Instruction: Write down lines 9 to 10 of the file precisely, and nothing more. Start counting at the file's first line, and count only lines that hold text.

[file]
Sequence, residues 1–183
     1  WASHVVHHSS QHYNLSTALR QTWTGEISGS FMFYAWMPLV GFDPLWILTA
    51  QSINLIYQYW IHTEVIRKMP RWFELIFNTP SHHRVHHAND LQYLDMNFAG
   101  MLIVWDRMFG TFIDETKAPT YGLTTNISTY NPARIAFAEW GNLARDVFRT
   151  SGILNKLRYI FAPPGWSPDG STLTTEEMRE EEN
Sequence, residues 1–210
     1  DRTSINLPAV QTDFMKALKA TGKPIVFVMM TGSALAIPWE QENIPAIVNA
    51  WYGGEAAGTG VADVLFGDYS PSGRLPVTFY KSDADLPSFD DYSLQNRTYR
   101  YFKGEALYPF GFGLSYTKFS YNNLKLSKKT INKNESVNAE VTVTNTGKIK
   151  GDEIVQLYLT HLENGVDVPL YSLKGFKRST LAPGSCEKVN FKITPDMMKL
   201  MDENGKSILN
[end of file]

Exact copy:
   101  YFKGEALYPF GFGLSYTKFS YNNLKLSKKT INKNESVNAE VTVTNTGKIK
   151  GDEIVQLYLT HLENGVDVPL YSLKGFKRST LAPGSCEKVN FKITPDMMKL